One way for a party to set aside a trust agreement is by arguing that the settlor of a trust made a mistake about the trust. The concept, often found in contract law, is known as non est factum (note that a trust deed can be seen as a contract).
The doctrine applies where there was both a mistake made in the execution of a contract, and the party was actually in error about the nature of the document that was signed. Courts apply a two-step test: first, the individual signing a contract must have been mistaken as to the nature and content of the document. After that has been established, the court must determine whether the individual was careless in signing the document. The onus is on the party raising the defence.
Modern cases have limited the doctrine to some extent. Courts have refused to apply the doctrine where a person is mentally capable and understands English, and is not pressured or under duress. If the person executing the deed of trust is not illiterate, no fraudulent misrepresentation is made, and there is ample time to read the deed and have knowledge of its purpose and effect, the defence is not available, whether or not the party read the deed or not. Also, the mistake must be to the essential nature of the transaction, rather than as to its terms. In other words, there must be a fundamental difference between the document the signer thought he or she was signing and the document he or she actually signed, whether in terms of character, contents or otherwise.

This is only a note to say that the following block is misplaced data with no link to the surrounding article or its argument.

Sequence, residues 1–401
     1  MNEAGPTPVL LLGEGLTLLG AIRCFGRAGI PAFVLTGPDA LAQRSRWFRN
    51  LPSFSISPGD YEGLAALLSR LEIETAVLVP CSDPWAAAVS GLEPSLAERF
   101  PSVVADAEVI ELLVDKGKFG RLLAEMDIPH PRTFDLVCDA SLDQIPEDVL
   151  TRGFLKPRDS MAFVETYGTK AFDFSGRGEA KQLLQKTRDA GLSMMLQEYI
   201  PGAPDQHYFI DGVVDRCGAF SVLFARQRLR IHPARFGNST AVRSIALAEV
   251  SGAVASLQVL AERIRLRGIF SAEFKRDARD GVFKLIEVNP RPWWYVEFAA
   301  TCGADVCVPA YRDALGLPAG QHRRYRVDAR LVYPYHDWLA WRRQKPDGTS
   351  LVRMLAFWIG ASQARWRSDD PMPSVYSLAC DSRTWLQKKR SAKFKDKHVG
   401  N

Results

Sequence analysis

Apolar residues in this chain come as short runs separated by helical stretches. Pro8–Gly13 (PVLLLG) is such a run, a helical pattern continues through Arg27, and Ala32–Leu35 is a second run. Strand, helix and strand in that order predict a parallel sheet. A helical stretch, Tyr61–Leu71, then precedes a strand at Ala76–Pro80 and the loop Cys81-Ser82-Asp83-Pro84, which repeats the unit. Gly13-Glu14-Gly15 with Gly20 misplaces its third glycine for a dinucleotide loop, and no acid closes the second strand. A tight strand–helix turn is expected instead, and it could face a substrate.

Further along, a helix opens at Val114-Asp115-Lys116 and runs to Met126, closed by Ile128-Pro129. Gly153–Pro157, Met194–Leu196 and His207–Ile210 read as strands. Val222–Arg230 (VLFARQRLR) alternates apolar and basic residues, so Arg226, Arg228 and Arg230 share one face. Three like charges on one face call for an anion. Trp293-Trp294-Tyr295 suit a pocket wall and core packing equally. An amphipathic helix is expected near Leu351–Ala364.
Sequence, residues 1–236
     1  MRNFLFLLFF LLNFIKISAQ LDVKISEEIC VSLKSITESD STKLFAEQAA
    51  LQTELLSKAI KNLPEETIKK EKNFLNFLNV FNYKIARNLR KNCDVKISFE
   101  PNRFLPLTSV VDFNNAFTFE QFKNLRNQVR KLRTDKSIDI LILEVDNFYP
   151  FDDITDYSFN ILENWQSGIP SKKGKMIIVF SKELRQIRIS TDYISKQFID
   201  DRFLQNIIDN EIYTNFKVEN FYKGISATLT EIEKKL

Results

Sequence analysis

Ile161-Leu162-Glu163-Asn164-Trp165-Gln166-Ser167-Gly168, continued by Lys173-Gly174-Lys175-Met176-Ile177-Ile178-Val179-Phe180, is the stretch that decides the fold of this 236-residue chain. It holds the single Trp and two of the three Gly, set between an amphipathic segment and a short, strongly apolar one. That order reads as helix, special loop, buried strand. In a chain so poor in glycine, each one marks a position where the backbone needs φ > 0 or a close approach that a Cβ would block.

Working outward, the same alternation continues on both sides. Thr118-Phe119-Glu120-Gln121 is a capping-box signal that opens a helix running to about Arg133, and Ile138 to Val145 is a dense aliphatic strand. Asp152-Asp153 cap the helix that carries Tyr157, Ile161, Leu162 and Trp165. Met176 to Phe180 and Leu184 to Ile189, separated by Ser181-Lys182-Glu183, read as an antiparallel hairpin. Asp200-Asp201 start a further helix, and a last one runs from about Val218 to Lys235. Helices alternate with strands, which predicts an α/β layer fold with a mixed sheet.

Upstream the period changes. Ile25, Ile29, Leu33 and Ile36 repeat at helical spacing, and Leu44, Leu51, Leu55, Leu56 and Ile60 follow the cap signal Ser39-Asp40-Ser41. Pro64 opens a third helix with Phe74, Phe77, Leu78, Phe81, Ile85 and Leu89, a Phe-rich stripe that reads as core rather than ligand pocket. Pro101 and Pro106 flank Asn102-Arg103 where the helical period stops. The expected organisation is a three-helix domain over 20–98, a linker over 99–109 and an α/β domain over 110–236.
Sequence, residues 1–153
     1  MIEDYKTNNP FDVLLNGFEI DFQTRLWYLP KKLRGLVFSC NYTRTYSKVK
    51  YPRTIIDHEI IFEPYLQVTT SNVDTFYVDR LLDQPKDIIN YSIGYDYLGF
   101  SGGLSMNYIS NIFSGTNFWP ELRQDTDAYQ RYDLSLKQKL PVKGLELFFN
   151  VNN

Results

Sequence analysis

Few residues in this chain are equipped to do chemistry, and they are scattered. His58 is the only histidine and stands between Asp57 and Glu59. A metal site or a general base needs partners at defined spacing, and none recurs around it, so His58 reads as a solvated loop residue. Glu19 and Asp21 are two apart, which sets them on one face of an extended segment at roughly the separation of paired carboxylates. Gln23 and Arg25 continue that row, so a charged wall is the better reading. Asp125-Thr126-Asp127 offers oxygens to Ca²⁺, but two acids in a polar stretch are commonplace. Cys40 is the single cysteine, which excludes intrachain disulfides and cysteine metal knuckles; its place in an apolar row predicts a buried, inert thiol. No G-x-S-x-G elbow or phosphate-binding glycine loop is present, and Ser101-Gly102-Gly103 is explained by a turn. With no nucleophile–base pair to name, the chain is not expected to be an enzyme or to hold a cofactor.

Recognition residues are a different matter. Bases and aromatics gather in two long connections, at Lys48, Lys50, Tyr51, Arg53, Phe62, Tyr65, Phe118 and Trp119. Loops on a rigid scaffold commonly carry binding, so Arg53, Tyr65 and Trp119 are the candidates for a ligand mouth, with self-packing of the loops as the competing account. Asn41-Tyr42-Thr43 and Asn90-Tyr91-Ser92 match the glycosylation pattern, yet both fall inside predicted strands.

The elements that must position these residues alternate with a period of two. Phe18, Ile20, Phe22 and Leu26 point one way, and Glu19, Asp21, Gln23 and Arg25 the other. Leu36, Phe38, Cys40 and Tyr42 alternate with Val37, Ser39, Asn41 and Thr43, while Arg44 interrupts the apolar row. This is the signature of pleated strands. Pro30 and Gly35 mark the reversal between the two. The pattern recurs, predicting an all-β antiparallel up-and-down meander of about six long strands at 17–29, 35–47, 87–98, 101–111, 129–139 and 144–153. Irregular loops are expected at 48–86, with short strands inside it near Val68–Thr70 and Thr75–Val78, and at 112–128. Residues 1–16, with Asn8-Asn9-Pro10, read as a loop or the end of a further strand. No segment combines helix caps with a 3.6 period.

In general, the lack of independent legal advice does not invalidate an agreement in absence of proof of non est factum, and each case is decided on its own facts. A lack of independent advice is not, in and of itself, a defence against the signing of a contract or trust deed. Where a contract is fully read and explained, the doctrine may not be applicable.
An example of a case where the court refused to apply the principle of non est factum was in Mongillo v. Mongillo. In that case, the father-in-law of a divorcing wife convinced his daughter-in-law to agree to move to a smaller, less expensive home than the marital home. In return, he promised she would receive $100,000 from the proceeds of the matrimonial home. The wife signed a trust agreement and power of attorney in his favour. The father-in-law then transferred title to the smaller home into his name alone. The court refused to apply non est factum. Although the court accepted that the wife was mistaken as to the nature and content of the document, the court found that she was careless in not reading the trust agreement and power of attorney. The wife, who was born in Canada, had a Grade 12 high school education and was fully conversant in English, and she was not under undue pressure when she signed. The court, however, accepted the wife’s arguments with respect to fraudulent misrepresentation and lack of independent legal advice and declared the power of attorney and trust agreement void.
 Halsbury’s Laws of Canada, VIII.7(5)
 Mongillo v Mongillo, 1999 CarswellOnt 3042, 103 O.T.C. 252 (Ont. S.C.J.)
 CED Deeds and Documents, IV.5
 CED Contracts, V.2
 Royal Bank v. 966566 Ontario Inc., 2000 CarswellOnt 508
 Royal Bank